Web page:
Cisco Helped Chinese Government Suppress Falun Gong, Lawsuit Claims
The Human Rights Law Foundation has filed a lawsuit againsttech company Cisco, alleging that it designed a surveillance system to help the Chinese government track and suppress dissidents.
The lawsuit, filed Thursday in San Jose, California, alleges that Cisco helped create the “Golden Shield" surveillance system that enabled the Chinese government monitor and censor the online activities of Falun Gong, a spiritual group, and that as a result, members of Falun Gong were imprisoned, tortured and killed.
The lawsuit claims that over 5,000 Falun Gong members were arrested as a result of the use of “Golden Shield" technology. The lawsuit, which seeks class-action status, is looking for unspecified compensatory and punitive damages, and to stop Cisco from further unlawful activity. Cisco has denied the charges.
“Cisco does not operate networks in China or elsewhere, nor does Cisco customize our products in any way that would facilitate censorship or repression," the company said in a statement. A Cisco spokesperson said, “there is no basis for these allegations against Cisco, and we intend to vigorously defend against them."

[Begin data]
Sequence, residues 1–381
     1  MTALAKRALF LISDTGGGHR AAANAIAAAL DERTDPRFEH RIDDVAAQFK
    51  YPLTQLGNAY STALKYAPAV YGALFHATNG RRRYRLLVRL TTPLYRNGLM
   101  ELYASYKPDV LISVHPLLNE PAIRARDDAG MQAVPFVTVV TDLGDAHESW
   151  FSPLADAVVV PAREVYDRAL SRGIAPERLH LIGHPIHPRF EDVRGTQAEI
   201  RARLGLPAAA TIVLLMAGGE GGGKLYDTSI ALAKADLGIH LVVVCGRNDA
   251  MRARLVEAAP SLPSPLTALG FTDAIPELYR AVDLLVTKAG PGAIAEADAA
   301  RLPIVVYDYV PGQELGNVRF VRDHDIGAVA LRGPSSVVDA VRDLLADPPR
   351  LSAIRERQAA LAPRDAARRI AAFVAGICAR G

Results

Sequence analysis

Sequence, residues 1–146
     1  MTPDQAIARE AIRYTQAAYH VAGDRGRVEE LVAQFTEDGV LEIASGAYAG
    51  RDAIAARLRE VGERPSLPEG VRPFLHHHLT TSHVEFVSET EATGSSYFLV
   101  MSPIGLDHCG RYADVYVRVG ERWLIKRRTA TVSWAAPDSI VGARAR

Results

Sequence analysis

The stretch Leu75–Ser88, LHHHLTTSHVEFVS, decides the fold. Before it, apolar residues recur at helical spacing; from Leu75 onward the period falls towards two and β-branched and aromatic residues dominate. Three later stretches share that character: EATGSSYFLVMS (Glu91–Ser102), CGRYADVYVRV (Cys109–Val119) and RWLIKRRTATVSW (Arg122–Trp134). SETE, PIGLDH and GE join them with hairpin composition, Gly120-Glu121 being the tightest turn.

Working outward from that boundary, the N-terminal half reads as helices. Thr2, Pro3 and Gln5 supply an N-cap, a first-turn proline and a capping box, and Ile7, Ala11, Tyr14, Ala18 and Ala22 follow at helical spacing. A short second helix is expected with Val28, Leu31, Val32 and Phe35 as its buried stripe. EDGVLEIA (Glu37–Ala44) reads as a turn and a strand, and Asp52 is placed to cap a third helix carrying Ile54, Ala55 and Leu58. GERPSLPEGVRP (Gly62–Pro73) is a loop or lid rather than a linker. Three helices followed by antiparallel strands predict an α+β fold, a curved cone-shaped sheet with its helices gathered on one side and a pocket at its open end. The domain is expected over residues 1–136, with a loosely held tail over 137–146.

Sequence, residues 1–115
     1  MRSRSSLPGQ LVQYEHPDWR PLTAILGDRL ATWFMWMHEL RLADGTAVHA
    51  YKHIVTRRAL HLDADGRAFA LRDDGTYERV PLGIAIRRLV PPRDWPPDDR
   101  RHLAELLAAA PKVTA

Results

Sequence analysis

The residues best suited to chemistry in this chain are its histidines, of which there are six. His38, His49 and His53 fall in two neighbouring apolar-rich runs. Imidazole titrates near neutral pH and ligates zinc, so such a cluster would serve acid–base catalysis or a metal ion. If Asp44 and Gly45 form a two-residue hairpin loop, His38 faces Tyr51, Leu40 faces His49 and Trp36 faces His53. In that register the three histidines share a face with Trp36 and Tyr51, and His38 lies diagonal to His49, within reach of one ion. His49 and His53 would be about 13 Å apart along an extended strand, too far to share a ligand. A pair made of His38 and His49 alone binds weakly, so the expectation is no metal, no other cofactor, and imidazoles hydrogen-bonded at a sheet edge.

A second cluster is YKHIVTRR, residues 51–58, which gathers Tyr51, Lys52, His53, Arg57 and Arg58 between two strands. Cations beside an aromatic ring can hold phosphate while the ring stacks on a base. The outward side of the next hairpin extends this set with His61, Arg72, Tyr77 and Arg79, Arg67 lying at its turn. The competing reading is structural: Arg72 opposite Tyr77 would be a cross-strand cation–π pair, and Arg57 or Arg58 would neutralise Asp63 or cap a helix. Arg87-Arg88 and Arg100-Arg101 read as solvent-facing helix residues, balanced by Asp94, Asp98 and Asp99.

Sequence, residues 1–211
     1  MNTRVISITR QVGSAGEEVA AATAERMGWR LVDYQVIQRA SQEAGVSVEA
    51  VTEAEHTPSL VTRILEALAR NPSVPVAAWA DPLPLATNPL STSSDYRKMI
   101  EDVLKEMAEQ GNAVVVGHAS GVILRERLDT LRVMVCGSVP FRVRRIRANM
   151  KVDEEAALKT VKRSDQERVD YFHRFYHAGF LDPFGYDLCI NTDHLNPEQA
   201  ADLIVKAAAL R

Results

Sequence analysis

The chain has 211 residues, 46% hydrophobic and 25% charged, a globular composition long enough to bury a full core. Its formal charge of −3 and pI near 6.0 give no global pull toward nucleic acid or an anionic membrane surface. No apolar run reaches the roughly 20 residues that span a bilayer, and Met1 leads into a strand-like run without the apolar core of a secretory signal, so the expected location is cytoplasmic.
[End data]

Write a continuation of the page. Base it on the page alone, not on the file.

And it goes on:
The lawsuit is said to rely on sales materials that show Cisco trying to market its services to the Chinese government by promoting the technology’s ability to suppress dissidents. In 2002, a slide from an internal presentation showed a Cisco employee referring to the Golden Shield’s ability to fight the “evil religion" of Falun Gong.
The New York Times writes, “The suit claims that additional Cisco marketing presentations prove that it promoted its technology as being capable of taking aim at dissident groups. In one marketing slide, the goals of the Golden Shield are described as to ‘douzheng evil Falun Gong cult and other hostile elements.’ Douzheng is a Chinese term used to describe the persecution of undesirable groups. It was widely used by the Communist Party in the Cultural Revolution."
The suit uses the Allen Torts Statute, a federal law allowing foreign citizens to sue for violations of international and national laws.